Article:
In The Christian Faith, Michael Horton states that “theological reflection must be aware of related disciplines, especially languages, philosophy and history,” and then he proposes this as the proper order in our doing of theology: “(1) the Scriptures as the infallible canon, qualitatively distinct from all other sources and authorities; (2) under the magisterial norm, the ministerial service of creeds and confessions; (3) contemporary proclamation of God’s Word in the church around the world; (4) long-standing interpretations in the tradition; (5) the particular nuances of individual theologians” (218).
I think that is quite nicely said. My proposal clearly fits into the bottom rung of that hierarchy but, for all we know, in a couple of centuries it might make it up to level 2. (Dreamer!)
Decades ago in a fine essay (“The Theologian’s Craft: A Discussion of Theory Formation and Theory Testing in Theology,” in The Suicide of Christian Theology, 267-313), John Warwick Montgomery urged us to hold in balance the scientific, artistic and sacral dimensions in our theological formulation. In regard to the scientific aspect of doing theology, he compared the levels of authority of theological statements to three “conceptual gestalts” in science: hypotheses, theories and laws. These approximate to Roger Olson’s 3 levels of “opinion, doctrine and dogma” (The Mosaic of Christian Belief, 44). Obviously, what I have given you is an “hypothesis” or an “opinion,” respectively, but acknowledging this does not invalidate the proposal, it merely puts it in perspective.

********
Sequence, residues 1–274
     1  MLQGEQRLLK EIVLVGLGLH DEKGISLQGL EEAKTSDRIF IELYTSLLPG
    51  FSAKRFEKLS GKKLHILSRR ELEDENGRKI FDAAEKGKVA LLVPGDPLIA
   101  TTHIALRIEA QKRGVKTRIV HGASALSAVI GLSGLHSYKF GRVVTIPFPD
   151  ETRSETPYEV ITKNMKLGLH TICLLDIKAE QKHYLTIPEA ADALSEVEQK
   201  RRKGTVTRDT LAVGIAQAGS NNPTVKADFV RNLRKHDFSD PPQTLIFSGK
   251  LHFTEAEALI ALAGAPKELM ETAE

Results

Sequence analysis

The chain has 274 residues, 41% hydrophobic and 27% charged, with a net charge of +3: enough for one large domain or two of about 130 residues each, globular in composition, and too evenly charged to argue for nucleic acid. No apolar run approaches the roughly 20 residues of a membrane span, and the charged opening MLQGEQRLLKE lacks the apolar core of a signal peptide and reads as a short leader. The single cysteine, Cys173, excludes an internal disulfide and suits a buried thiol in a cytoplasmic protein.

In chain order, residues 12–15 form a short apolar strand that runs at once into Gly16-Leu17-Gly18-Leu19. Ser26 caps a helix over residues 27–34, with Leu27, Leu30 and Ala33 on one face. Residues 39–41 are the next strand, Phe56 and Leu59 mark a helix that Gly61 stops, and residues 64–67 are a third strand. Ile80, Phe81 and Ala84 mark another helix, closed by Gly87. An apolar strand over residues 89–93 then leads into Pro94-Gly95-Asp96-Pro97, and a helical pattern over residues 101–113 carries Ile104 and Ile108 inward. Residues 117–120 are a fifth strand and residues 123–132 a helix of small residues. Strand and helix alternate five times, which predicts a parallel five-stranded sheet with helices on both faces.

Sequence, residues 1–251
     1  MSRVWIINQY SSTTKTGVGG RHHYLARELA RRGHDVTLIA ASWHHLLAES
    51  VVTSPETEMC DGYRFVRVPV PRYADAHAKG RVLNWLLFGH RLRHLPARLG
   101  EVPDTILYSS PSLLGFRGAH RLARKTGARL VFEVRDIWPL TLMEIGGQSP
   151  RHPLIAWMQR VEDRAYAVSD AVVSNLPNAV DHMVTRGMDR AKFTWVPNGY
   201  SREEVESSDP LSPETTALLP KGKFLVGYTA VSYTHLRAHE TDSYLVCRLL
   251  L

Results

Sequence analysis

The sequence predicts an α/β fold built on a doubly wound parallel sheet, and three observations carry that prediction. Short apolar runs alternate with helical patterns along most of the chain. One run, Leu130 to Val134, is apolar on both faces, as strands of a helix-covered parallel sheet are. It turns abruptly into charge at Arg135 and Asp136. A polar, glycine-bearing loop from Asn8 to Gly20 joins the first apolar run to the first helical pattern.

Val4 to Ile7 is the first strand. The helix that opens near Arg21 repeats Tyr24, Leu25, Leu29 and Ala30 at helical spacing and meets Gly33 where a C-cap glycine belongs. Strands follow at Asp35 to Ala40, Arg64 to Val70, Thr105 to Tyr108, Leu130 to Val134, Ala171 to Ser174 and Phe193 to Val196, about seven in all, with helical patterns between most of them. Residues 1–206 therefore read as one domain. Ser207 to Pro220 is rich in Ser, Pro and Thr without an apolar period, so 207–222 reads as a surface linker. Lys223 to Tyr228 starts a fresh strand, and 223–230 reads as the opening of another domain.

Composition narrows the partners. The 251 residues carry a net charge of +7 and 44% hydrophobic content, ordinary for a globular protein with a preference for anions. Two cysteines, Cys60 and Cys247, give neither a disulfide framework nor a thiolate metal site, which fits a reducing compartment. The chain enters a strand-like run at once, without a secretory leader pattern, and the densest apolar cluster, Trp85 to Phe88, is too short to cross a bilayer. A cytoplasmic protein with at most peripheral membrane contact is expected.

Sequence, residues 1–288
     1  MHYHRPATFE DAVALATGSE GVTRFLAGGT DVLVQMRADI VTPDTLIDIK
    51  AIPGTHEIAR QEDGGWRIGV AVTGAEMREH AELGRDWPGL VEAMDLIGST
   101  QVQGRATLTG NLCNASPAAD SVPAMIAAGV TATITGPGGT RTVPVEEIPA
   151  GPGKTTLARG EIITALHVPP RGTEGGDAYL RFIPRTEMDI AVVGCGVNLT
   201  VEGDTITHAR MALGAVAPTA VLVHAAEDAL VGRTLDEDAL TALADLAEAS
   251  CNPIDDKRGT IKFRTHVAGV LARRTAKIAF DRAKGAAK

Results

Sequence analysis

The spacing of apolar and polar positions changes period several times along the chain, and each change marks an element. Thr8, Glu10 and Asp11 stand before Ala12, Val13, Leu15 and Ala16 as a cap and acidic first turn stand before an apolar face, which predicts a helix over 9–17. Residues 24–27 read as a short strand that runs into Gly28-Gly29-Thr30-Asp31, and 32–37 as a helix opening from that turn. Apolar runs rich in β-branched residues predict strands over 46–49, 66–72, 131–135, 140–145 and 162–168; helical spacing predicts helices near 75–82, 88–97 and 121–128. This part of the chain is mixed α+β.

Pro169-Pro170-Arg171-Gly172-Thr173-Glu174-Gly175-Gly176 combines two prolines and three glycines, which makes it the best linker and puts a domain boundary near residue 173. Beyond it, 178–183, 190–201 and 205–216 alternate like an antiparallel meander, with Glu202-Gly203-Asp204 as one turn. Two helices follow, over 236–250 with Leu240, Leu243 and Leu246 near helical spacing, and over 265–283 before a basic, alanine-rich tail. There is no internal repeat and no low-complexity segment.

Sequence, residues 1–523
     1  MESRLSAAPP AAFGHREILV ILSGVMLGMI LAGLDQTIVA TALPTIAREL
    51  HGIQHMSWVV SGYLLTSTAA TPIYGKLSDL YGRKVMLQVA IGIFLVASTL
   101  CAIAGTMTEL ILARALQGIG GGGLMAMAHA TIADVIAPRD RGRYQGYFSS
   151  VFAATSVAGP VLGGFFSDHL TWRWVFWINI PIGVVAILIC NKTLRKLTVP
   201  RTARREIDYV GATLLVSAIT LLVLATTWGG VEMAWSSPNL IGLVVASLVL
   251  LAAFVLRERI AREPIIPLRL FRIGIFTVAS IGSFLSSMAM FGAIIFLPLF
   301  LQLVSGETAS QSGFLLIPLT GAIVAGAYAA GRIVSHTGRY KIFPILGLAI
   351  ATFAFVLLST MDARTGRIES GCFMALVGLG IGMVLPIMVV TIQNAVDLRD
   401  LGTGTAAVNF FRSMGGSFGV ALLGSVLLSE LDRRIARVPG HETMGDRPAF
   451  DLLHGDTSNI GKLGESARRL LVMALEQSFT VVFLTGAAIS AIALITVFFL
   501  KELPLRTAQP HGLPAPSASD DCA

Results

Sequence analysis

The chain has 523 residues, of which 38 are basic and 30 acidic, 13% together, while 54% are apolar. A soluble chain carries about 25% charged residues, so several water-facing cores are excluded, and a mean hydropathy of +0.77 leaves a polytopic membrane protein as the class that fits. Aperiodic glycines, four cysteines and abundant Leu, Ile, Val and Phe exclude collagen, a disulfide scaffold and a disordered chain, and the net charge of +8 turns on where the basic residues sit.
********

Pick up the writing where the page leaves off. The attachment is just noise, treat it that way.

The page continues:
Prior experience that informs my present concerns
Lest I appear a bit defensive, let me give you the context out of which my concern arises. Some months ago, I had the opportunity to read the prepublication manuscript of a fine work in process. Since what I am about to relate has to do with the prepublished form, and since things changed before the final publication, I will mention neither the book nor the essayist by name. But revisiting my comments on the manuscript gives me an opportunity to speak to the issue of theological method that Tony’s question brings to our attention.